For many college students, the popularized cultural tendency to “take no days off” has young people feeling the pressure. If you aren’t working or studying nonstop, then you could be doing better, and if you aren’t constantly stressed, then you aren’t pushing yourself to your full potential.
But, look: If nine-to-five jobs start as soon as you hit the real world, then college is the perfect place to pick up some de-stressing hobbies for the free time you should allow yourself. So if you find yourself with some spare time on your hands or need a break from a marathon study session, try out one of these suggestions to cut loose.
1. Snap some pics.
You’d be surprised just how many benefits you can reap from photography, and it doesn’t require one of those super fancy digital cameras either. In fact, I’d recommend throwin’ it back for this one.
Odds are your school has a dark room open for use that’s relatively free, and you can find decent film cameras for a fraction of the cost of digital. Using a dark room to expose and develop film is weirdly therapeutic, and some of the best photographers in the game specialize in shooting film. Plus, you can enlarge your pictures using photo paper and have a free original print to show off on your dorm room walls to replace your inspirational quotes or city skylines.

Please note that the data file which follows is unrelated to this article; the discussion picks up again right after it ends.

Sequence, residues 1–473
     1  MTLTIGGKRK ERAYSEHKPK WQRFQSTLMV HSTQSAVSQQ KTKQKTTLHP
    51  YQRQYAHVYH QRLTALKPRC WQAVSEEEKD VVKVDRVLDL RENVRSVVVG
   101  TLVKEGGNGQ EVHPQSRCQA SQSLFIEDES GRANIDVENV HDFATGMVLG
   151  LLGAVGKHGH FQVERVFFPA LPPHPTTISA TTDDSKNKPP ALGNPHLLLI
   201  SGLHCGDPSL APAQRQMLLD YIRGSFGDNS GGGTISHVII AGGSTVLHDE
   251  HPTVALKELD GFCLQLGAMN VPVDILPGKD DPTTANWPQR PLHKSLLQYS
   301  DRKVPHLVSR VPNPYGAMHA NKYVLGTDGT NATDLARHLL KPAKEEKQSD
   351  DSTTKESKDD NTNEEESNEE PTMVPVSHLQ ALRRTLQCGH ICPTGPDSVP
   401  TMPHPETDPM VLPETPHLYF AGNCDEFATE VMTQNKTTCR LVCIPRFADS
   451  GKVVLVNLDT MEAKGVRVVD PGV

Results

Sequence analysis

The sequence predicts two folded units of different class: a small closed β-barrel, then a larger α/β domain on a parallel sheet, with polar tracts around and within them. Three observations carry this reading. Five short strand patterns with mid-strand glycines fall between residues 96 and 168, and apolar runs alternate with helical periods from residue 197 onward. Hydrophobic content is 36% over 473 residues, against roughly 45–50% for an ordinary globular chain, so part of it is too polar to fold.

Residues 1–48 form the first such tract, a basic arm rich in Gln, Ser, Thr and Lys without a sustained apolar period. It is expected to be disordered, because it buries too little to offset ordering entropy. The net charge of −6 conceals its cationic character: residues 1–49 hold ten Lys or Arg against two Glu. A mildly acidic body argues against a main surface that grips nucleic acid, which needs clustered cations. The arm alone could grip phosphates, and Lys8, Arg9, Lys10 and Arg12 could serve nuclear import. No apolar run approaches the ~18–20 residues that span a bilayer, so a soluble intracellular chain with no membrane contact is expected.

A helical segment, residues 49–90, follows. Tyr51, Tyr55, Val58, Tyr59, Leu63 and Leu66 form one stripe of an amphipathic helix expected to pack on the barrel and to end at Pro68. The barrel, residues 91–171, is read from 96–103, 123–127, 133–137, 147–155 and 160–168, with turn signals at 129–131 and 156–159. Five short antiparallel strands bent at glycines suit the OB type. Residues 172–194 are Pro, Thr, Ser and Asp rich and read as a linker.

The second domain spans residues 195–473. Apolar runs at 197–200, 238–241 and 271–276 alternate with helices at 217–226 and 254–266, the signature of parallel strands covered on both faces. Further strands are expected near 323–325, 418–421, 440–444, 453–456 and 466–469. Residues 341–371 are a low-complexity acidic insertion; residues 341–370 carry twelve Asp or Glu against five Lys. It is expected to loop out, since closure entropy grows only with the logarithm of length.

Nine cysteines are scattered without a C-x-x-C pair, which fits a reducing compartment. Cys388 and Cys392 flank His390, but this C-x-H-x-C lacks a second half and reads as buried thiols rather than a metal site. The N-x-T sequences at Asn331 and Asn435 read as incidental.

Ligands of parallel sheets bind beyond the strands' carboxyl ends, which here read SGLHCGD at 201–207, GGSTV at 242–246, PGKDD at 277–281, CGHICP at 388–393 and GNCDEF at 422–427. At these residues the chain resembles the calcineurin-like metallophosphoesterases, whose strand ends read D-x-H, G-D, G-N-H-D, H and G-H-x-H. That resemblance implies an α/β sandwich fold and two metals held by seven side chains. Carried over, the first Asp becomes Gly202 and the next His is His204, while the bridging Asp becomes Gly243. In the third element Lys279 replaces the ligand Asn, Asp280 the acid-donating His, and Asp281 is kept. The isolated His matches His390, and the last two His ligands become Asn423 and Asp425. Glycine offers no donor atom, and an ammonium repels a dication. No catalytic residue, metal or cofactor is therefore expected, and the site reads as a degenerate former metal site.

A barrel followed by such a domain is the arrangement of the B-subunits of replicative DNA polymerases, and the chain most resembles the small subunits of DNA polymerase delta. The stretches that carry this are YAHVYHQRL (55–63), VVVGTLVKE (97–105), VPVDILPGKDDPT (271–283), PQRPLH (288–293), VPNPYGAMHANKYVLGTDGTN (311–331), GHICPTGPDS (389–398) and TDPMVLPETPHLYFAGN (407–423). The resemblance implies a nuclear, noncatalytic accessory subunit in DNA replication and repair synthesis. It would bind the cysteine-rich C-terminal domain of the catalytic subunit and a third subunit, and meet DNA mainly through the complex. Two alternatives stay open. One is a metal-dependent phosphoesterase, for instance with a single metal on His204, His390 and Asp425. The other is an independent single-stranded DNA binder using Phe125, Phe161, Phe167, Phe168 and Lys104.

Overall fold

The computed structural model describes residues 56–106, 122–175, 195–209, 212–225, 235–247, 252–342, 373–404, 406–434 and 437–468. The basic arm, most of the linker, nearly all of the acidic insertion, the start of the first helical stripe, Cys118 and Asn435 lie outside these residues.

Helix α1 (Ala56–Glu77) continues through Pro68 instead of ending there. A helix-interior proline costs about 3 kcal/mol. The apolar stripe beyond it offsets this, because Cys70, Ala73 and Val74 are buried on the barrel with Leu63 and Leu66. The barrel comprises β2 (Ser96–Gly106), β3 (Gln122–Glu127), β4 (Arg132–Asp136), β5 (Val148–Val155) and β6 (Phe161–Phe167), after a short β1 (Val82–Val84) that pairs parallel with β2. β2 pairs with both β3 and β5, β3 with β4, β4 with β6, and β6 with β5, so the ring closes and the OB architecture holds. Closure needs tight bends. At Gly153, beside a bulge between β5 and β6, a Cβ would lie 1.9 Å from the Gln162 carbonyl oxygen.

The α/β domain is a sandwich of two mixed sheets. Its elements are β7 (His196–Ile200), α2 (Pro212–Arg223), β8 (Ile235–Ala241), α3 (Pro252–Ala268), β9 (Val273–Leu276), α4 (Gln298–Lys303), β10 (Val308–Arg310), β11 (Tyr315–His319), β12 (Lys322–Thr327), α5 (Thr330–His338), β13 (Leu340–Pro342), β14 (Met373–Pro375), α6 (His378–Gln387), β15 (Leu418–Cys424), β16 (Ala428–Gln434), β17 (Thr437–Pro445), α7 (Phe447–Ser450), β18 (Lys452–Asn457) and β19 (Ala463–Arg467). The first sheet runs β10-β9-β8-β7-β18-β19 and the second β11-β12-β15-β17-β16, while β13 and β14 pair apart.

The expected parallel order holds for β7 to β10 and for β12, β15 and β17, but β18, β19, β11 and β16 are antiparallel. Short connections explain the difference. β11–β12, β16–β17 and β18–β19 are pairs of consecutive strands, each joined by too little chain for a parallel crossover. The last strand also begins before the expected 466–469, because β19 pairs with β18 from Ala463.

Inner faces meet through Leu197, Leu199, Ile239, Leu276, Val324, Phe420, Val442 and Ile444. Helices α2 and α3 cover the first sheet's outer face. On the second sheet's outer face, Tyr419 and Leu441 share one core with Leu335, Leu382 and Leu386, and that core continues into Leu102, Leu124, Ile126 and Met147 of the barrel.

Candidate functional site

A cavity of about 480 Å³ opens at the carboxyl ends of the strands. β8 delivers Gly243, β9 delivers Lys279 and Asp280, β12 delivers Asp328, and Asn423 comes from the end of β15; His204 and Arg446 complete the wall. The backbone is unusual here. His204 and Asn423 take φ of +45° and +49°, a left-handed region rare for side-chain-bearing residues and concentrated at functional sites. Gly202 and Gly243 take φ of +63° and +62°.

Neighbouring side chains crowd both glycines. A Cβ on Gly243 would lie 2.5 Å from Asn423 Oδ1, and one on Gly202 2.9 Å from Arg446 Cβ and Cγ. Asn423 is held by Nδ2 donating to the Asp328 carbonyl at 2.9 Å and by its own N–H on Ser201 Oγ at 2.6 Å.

2. Binge on some informational entertainment.
If you’re like me, it’s much easier to watch “The Office” than commit to a two-hour documentary about the food industry, and kicking back to “No Strings Attached” is often more appealing than tuning into a podcast. But we’re college students now, and the world of documentaries and podcasts isn’t what it used to be. Podcasts like “Serial,” “2 Dope Queens” and “This American Life“ hit on topics such as true crime, racism, sexism and pop culture.
If you prefer some moving pictures with your sound, then Netflix has a whole slew of documentaries that are all eye-opening in different ways, and great conversation starters for friends and awkward acquaintances alike. Who doesn’t love the chance to bring up the great documentary they watched last night? You cultured and educated student, you. And with this grab bag of newfound knowledge, you’re going to kill it at trivia night.
3. Get outside, but in a cool way.
Not everybody attends a school with geographically impressive areas, so if hiking isn’t really an option for you, there are plenty of other active hobbies to choose from. If you’re anything like me, then I’d recommend taking up something a little less cardio-intensive than running, but still just as helpful.
Check out some of the wheeled methods of transportation to spice up your life and help you see more of the area. Get really good at skateboarding around for transportation, then try your hand at some ollies and kick flips. Use a scooter to get to class and learn how to take it off some sick ramps. Strap on some rollerblades and head to the park for an inline session. You’ll cut your class commute time in half and look dope doing it.